iOS 13.2 Beta Just Dropped Some Hints About New Noise-Canceling AirPods

Oct 2, 2019
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Ever since their release a few years ago, AirPods have shot their way up to one of the most popular wireless headphones on the market. Its second iteration, released earlier this year, was an incremental update over its predecessor and offered new features such as "Hey Siri" functionality. However, it appears that the next version may come with a highly-awaited feature in the form of active noise cancellation.

The first mention of said AirPods was first spotted in the iOS 13.2 beta by 9to5mac. Pieces of code found in the software suggest the new AirPods will have different listening modes, one of which features active noise canceling. It will reportedly be called 'focus mode' and can be toggled from within the settings. The new AirPods have the model code B298, and that's all we know about it for now.

Future AirPods Might Feature Bone Conduction Tech for Enhanced Audio

Earlier today, Microsoft announced the release of their 'truly wireless' Surface Earbuds that also have active noise canceling. It is expected to release sometime next year. Apple will very likely announce the new AirPods later this month and release it later in 2020 alongside the Surface Earbuds. After all, two product releases in the same year don't make sense.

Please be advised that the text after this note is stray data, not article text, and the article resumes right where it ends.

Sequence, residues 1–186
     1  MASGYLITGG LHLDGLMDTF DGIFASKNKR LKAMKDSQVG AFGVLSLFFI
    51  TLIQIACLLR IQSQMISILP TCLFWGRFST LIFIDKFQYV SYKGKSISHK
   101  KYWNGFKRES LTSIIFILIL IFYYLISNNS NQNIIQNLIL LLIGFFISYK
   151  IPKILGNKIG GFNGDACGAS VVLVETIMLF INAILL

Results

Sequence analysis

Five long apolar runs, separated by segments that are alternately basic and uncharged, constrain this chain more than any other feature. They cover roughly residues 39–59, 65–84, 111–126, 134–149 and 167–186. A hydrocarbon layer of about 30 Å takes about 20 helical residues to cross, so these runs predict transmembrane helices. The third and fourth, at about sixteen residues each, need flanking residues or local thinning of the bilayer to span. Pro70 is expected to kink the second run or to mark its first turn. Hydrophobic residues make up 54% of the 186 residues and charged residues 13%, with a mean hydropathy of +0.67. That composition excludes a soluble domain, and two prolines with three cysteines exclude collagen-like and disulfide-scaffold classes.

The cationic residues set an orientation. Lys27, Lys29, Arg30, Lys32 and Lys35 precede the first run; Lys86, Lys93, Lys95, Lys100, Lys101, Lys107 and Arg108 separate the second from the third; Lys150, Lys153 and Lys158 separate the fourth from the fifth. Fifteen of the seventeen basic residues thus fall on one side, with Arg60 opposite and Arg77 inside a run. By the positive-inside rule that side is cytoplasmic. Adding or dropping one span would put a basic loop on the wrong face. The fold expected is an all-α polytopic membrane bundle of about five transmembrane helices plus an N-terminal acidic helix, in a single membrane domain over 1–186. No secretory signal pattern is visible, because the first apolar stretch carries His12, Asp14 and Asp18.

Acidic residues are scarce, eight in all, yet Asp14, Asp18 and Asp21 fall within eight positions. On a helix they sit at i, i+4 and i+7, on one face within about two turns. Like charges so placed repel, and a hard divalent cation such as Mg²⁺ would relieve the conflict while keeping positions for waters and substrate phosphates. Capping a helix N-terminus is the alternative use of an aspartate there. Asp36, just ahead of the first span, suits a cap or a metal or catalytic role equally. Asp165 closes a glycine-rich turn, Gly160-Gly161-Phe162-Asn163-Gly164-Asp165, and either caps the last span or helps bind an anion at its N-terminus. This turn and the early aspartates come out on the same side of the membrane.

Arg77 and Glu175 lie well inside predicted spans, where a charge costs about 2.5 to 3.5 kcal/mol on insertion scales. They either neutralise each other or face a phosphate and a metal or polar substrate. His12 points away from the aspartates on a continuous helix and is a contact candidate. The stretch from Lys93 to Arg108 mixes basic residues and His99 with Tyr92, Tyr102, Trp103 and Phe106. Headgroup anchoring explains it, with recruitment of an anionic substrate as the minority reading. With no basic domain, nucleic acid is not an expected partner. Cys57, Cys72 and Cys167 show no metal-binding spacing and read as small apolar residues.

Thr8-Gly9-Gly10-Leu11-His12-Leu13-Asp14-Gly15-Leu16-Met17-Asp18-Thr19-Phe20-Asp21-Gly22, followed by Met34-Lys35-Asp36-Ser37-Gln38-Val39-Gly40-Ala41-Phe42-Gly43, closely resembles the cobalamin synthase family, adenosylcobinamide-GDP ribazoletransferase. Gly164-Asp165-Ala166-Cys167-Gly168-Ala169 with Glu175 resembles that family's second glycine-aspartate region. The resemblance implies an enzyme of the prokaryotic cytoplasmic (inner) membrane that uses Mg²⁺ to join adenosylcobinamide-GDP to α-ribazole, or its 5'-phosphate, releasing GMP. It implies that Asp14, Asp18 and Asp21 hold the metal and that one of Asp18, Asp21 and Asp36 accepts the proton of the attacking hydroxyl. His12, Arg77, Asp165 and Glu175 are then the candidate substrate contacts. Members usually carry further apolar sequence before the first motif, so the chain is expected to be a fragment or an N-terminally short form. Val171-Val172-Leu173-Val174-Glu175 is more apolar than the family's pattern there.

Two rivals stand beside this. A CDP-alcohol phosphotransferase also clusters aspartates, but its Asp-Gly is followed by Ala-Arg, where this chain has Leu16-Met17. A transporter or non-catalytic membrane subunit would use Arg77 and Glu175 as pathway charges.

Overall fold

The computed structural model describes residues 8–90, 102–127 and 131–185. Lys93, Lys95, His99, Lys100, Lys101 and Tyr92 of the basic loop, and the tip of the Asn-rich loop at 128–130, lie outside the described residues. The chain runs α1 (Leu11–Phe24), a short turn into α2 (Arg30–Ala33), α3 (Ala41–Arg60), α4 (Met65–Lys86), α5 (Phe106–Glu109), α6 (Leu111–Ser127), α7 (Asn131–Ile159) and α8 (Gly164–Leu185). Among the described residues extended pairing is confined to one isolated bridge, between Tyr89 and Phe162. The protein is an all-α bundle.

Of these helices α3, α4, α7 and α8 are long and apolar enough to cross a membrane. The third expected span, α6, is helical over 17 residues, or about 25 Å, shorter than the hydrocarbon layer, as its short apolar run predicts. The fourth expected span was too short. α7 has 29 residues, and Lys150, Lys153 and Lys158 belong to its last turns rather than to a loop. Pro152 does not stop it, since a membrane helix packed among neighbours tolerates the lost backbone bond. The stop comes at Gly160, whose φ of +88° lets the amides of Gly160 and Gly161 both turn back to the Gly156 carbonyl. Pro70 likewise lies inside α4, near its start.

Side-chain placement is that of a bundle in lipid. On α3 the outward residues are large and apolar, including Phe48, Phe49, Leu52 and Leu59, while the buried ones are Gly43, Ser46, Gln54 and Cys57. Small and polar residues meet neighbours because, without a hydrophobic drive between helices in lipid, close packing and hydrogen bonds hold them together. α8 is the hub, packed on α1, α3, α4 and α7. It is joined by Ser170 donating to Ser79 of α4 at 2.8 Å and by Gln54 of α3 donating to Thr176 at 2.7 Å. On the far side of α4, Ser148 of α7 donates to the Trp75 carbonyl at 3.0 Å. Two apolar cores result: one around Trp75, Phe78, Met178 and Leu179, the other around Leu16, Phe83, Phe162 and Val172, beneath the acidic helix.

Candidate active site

Additionally, one of the key highlights of the October event is expected to be iOS 13.2. Since the active noise cancellation feature is baked into the iOS 13.2, it wouldn't be ideal for Apple to release the new AirPods before the supporting software is available for all qualifying devices. It would also be better if all the devices run the software beforehand to prevent any last-minute bugs.

Active noise cancellation is usually a feature reserved for higher-end audio gear, and it is more commonplace in wired headphones. Its good to see it finally making its way to wireless earphones as it'll go a long way in bridging the gap between the two. Yes, wired audio gear is still objectively better than wireless, but with an increasing number of smartphones across both platforms opting to ditch the 3.5mm audio jack, a lot of users have no choice but to opt for wireless alternatives.

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